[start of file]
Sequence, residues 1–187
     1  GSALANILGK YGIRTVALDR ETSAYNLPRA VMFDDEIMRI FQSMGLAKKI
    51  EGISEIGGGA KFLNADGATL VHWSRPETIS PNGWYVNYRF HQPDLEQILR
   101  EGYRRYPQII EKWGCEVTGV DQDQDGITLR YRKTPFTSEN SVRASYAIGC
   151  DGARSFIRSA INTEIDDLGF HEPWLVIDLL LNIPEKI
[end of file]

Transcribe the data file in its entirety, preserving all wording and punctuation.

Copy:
Sequence, residues 1–187
     1  GSALANILGK YGIRTVALDR ETSAYNLPRA VMFDDEIMRI FQSMGLAKKI
    51  EGISEIGGGA KFLNADGATL VHWSRPETIS PNGWYVNYRF HQPDLEQILR
   101  EGYRRYPQII EKWGCEVTGV DQDQDGITLR YRKTPFTSEN SVRASYAIGC
   151  DGARSFIRSA INTEIDDLGF HEPWLVIDLL LNIPEKI